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Update: Respiratory Virus Surveillance -- United States, 1984

Reports of noninfluenza respiratory virus identifications from certain state and university laboratories received by CDC through April 16, 1984, show that respiratory syncytial virus (RSV) identification rates have steadily declined throughout the United States, with the exception of the Pacific region. The rate of RSV identification in that region continued at a low but constant level through March (Table 6). Identification rates peaked in December in the South Atlantic and East South Central regions; in January in the West North Central, West South Central, and East North Central regions; and in February in the New England, Mid-Atlantic, and Mountain regions. Identification of RSV was highest for the entire United States in February. New England reported the largest number of RSV identifications for March and April; 128 (27.2%) of 470 specimens tested were positive for RSV. Reported by LL Minnich, MS, CG Ray, MD, Arizona Health Science Center, Tucson; B Lauer, MD, M Levin, MD, University of Colorado Health Sciences Center, Denver; C Brandt, PhD, HW Kim, MD, Children's Hospital National Medical Center, District of Columbia; L Pierik, K McIntosh, MD, The Children's Hospital, Boston, Massachusetts; T O'Leary, TC Shope, MD, University of Michigan Medical Center, Ann Arbor; HH Balfour, MD, University of Minnesota Hospitals, Minneapolis; C Reed, GA Storch, MD, St. Louis Children's Hospital, Missouri; ME Kumar, MD, Cleveland Metropolitan General Hospital, Ohio; P Swenson, PhD, North Shore University Hospital, Manhasset, CB Hall, MD, University of Rochester Medical Center, New York; H Friedman, MD, S Plotkin, MD, The Children's Hospital of Philadelphia, Pennsylvania; DM Bell, MD, Lebonheur Children's Medical Center, Memphis, M Kervina, MS, E Sannella, MS, PF Wright, MD, Vanderbilt University School of Medicine, Nashville, Tennessee; L Corey, MD, Children's Orthopedic Hospital, Seattle, Washington; Respective State Virus Laboratory Directors; Div of Viral Diseases, Center for Infectious Diseases, CDC.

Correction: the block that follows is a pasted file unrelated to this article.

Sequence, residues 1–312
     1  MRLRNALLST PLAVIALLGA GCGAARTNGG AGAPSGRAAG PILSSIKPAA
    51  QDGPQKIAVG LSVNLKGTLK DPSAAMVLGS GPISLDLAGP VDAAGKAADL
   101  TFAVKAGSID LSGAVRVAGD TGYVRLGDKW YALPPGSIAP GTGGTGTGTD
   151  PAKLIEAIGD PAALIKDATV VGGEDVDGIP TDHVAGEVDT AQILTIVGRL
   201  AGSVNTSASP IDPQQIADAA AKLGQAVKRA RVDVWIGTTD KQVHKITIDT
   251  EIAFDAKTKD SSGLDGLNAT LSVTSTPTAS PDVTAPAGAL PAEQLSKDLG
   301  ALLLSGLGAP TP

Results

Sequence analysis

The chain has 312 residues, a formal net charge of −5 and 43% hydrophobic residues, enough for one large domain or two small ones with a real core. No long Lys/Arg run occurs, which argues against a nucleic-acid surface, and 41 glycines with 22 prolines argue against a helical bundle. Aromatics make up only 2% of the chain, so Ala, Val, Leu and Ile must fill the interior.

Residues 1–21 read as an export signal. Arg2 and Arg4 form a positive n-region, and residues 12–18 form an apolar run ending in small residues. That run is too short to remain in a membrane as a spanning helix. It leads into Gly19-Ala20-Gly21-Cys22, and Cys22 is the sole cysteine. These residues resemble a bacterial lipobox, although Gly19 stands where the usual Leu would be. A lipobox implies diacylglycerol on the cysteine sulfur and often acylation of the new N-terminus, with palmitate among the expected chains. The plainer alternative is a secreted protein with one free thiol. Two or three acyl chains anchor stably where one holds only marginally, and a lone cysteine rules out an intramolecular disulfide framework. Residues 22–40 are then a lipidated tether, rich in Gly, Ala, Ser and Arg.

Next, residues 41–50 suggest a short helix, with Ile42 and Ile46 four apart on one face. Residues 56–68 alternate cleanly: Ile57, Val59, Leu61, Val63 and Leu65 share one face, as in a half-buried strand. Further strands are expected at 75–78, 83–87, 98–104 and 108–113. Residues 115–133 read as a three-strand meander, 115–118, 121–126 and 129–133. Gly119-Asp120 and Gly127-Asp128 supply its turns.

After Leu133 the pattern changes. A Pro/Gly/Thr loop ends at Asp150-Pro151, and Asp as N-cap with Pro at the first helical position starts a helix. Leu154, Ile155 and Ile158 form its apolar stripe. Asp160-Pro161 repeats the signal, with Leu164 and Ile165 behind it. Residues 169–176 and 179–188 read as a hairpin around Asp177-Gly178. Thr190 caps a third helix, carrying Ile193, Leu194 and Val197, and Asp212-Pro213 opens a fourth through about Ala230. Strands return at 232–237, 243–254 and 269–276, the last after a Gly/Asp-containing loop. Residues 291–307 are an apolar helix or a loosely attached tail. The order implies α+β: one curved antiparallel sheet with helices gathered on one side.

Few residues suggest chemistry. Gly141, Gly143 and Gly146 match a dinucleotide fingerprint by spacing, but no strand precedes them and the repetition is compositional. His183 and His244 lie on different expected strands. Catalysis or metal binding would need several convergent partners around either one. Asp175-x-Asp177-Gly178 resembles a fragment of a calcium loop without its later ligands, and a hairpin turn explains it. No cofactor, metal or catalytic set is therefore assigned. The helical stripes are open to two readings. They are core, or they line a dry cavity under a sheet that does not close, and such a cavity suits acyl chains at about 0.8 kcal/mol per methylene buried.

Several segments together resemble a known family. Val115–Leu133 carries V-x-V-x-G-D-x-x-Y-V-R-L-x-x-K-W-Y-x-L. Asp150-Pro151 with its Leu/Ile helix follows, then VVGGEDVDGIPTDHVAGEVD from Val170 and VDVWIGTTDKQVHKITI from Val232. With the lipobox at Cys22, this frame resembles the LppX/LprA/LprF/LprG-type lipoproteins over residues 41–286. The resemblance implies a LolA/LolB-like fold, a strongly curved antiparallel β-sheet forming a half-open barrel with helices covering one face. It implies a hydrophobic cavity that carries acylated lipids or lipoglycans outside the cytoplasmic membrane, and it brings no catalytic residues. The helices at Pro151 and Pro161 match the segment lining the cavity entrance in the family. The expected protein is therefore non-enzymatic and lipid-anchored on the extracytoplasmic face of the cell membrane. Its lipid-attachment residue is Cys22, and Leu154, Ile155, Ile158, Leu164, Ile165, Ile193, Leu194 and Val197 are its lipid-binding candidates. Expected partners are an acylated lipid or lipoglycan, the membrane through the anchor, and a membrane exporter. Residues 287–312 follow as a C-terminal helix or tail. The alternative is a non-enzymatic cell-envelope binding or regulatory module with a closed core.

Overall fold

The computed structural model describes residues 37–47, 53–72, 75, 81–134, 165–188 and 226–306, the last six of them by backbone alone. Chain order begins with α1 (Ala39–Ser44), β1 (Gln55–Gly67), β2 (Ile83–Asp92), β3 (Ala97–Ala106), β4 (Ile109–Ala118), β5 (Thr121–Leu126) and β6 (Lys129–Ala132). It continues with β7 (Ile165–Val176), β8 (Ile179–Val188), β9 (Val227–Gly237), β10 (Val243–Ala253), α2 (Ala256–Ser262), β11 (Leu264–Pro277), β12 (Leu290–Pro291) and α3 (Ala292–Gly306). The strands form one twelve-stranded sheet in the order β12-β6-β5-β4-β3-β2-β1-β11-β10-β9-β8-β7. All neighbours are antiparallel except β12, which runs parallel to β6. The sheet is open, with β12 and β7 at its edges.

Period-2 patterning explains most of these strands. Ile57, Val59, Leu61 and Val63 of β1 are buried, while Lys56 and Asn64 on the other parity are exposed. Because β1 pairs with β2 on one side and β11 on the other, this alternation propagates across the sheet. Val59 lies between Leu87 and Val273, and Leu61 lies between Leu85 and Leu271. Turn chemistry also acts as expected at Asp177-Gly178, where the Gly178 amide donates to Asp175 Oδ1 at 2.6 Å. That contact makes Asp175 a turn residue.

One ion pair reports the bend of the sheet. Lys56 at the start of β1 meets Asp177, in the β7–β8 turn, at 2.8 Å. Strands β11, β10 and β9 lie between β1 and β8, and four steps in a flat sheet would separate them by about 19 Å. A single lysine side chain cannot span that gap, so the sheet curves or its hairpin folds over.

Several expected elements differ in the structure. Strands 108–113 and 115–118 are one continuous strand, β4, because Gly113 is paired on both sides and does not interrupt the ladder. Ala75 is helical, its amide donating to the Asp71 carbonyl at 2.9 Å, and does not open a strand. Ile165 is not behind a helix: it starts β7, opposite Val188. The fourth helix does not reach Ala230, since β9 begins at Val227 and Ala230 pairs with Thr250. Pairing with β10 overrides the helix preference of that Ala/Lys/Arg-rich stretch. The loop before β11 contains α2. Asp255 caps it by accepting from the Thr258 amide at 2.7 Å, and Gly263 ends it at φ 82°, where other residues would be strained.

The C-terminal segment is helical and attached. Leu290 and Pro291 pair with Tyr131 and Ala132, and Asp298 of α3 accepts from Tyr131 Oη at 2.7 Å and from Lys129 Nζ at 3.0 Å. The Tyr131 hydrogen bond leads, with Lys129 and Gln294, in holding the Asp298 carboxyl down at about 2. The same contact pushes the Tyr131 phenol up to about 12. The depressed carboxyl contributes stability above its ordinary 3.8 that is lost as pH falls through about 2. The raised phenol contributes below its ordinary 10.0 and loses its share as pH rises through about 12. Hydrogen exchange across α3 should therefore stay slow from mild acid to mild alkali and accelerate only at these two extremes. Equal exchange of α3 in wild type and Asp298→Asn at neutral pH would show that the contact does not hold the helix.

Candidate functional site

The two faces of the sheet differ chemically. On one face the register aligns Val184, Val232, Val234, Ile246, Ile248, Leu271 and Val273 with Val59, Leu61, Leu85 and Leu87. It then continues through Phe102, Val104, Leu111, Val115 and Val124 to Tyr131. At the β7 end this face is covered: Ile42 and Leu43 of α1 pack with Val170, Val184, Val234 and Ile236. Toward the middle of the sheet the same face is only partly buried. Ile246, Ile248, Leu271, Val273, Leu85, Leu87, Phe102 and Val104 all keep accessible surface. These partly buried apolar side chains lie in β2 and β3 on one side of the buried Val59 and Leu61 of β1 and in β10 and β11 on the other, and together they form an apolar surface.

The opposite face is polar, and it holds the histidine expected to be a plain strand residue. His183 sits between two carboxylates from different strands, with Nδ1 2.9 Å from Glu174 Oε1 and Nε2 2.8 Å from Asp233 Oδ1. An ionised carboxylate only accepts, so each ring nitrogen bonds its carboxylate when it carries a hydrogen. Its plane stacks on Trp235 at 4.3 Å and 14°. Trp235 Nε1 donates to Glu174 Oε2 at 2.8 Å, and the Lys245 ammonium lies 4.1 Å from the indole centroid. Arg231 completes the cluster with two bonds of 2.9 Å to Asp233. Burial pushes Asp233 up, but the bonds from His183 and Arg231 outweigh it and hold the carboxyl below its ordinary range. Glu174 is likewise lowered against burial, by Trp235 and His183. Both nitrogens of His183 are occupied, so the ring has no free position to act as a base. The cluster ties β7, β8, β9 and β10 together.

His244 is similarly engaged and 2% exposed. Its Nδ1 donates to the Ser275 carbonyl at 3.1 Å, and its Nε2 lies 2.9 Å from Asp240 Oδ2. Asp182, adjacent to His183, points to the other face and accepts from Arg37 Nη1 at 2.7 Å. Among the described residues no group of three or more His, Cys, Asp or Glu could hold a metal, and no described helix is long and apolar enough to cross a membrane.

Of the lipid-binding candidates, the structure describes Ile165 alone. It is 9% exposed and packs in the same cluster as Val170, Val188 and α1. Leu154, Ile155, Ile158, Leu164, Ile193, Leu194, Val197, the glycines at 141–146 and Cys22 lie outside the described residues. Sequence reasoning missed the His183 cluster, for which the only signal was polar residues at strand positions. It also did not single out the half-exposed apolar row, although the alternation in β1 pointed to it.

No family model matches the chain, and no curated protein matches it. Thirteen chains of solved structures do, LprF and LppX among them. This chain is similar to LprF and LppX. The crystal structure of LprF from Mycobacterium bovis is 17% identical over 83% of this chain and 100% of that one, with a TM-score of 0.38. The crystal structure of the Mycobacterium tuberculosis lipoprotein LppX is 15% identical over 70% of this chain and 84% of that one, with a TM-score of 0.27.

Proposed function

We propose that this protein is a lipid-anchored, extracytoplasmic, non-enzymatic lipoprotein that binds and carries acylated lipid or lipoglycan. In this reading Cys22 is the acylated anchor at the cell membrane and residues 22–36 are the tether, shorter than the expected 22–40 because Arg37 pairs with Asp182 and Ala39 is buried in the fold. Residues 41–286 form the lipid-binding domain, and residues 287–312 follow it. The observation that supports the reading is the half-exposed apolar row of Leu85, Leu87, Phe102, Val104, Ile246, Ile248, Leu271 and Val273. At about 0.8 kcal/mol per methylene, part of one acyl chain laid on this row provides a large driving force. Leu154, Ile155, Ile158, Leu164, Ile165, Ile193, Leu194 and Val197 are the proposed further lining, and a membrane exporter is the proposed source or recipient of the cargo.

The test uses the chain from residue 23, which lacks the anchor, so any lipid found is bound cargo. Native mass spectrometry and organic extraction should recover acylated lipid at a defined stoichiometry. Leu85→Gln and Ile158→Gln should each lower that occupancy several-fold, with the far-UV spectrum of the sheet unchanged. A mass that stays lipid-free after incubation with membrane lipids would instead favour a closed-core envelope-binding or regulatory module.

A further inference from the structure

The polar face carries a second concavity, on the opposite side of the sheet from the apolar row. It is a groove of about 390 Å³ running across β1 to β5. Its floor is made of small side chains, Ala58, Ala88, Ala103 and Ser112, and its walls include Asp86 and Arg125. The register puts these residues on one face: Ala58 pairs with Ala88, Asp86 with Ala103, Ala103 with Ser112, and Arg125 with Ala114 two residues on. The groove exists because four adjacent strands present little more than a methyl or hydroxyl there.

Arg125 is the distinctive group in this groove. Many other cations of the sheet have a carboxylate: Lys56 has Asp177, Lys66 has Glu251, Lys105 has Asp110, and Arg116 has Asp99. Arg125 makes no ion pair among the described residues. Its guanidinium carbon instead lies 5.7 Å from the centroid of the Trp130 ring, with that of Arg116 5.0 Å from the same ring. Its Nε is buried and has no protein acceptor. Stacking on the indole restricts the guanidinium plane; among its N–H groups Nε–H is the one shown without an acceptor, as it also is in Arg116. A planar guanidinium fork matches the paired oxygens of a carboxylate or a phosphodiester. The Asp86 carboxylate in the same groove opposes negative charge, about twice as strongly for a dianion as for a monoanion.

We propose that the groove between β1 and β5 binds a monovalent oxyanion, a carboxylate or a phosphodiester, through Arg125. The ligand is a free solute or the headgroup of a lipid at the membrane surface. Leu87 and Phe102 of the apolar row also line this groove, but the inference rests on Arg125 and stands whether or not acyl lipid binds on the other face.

Editorial Note

Editorial Note: RSV outbreaks are known to vary from year to year in their time of onset, peak occurrence, and duration. From this year's surveillance data, the characteristics of RSV outbreaks varied among the regions. Additional data are needed to clearly define the temporal and geographic patterns of RSV outbreaks in the United States.

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